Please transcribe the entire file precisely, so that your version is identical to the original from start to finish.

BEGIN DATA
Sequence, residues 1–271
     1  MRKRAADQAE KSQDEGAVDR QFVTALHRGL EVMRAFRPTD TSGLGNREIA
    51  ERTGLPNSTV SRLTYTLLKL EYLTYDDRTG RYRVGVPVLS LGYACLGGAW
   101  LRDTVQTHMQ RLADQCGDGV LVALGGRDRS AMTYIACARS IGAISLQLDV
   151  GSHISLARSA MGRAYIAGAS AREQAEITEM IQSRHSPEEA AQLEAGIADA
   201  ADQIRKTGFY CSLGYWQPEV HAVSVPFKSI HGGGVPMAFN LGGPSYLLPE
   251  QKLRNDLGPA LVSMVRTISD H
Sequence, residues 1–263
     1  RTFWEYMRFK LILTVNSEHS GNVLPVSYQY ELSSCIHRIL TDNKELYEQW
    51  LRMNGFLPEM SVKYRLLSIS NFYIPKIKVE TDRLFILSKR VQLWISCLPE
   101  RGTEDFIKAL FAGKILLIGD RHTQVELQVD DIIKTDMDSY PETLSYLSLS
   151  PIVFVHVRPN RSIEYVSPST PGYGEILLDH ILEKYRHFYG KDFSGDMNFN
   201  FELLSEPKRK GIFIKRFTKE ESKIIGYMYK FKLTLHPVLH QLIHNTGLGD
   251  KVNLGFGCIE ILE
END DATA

Sequence, residues 1–271
     1  MRKRAADQAE KSQDEGAVDR QFVTALHRGL EVMRAFRPTD TSGLGNREIA
    51  ERTGLPNSTV SRLTYTLLKL EYLTYDDRTG RYRVGVPVLS LGYACLGGAW
   101  LRDTVQTHMQ RLADQCGDGV LVALGGRDRS AMTYIACARS IGAISLQLDV
   151  GSHISLARSA MGRAYIAGAS AREQAEITEM IQSRHSPEEA AQLEAGIADA
   201  ADQIRKTGFY CSLGYWQPEV HAVSVPFKSI HGGGVPMAFN LGGPSYLLPE
   251  QKLRNDLGPA LVSMVRTISD H
Sequence, residues 1–263
     1  RTFWEYMRFK LILTVNSEHS GNVLPVSYQY ELSSCIHRIL TDNKELYEQW
    51  LRMNGFLPEM SVKYRLLSIS NFYIPKIKVE TDRLFILSKR VQLWISCLPE
   101  RGTEDFIKAL FAGKILLIGD RHTQVELQVD DIIKTDMDSY PETLSYLSLS
   151  PIVFVHVRPN RSIEYVSPST PGYGEILLDH ILEKYRHFYG KDFSGDMNFN
   201  FELLSEPKRK GIFIKRFTKE ESKIIGYMYK FKLTLHPVLH QLIHNTGLGD
   251  KVNLGFGCIE ILE